- vt. 打击；袭击；碰撞；偶然发现；伤…的感情
- vi. 打；打击；碰撞；偶然碰上
- n. 打；打击；（演出等）成功；讽刺
CET4 TEM4 IELTS 考 研 CET6
- hit:  Hit is one of those words, now so common that we assume it has always been around, that is in fact a comparative latecomer to the English language, and one, what is more, whose ancestry is not at all clear. The standard Old English verb for ‘strike’ was slēan (modern English slay), but at the end of the Old English period hit suddenly appeared. It was borrowed from Old Norse hitta, a verb of unknown origin which meant not ‘strike’ but ‘come upon, find’ (as Swedish hitta still does). This sense was carried over into English (and still survives in hit upon), and it was not until the 13th century that the meaning ‘strike’ began to appear.
- hit (v.)
- late Old English hyttan, hittan "come upon, meet with, fall in with, 'hit' upon," from a Scandinavian source such as Old Norse hitta "to light upon, meet with," also "to hit, strike;" Swedish hitta "to find," Danish and Norwegian hitte "to hit, find," from Proto-Germanic *hitjan, of uncertain origin. Related: Hitting. Meaning shifted in late Old English period to "strike," via "to reach with a blow or missile," and replaced Old English slean in this sense. Original sense survives in phrases such as hit it off (1780, earlier in same sense hit it, 1630s) and is revived in hit on (1970s).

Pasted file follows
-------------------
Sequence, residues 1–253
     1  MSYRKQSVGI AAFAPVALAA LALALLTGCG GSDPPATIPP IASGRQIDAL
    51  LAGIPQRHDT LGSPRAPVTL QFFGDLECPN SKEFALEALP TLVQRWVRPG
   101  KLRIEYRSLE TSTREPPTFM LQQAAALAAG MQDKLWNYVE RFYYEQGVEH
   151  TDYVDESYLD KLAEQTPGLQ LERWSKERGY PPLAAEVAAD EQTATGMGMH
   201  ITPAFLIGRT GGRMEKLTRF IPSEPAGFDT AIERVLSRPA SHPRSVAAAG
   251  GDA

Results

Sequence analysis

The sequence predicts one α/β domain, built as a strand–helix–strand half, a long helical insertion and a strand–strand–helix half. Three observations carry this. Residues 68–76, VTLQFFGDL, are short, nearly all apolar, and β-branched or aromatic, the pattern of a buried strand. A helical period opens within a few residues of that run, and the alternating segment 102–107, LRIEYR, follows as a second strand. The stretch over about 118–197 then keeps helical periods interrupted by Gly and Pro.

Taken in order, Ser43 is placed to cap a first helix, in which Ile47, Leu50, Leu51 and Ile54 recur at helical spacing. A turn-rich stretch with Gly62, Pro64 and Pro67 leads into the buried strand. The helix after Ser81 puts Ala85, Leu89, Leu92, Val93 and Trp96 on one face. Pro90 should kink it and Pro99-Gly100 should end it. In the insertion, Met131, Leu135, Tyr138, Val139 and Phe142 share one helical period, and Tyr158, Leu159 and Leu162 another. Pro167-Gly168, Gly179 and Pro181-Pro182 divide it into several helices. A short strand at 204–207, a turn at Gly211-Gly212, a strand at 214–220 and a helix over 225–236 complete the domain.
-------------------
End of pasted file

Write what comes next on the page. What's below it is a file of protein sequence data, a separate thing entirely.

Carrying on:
Underworld slang meaning "to kill by plan" is 1955 (as a noun in this sense from 1970). To hit the bottle "drink alcohol" is from 1889. To hit the nail on the head (1570s) is from archery. Hit the road "leave" is from 1873; to hit (someone) up "request something" is from 1917. Hit and run is 1899 as a baseball play, 1924 as a driver failing to stop at a crash he caused. To not know what hit (one) is from 1923.
- hit (n.)
- late 15c., "a rebuke;" 1590s as "a blow," from hit (v.). Meaning "successful play, song, person," etc., 1811, is from the verbal sense of "to hit the mark, succeed" (c. 1400). Underworld slang meaning "a killing" is from 1970. Meaning "dose of narcotic" is 1951, from phrases such as hit the bottle.
- 1. As I sidestepped, the bottle hit me on the left hip.
- 2. If something's a sure-fire hit then Radio One will play it.
- 3. He pushed everyone full speed ahead until production hit a bottleneck.
- 4. He hit back angrily, saying such remarks were childishly simplistic.
- 5. New $750,000 infomercials, featuring artists like Cher, have recently hit the screens.
[ hit 造句 ]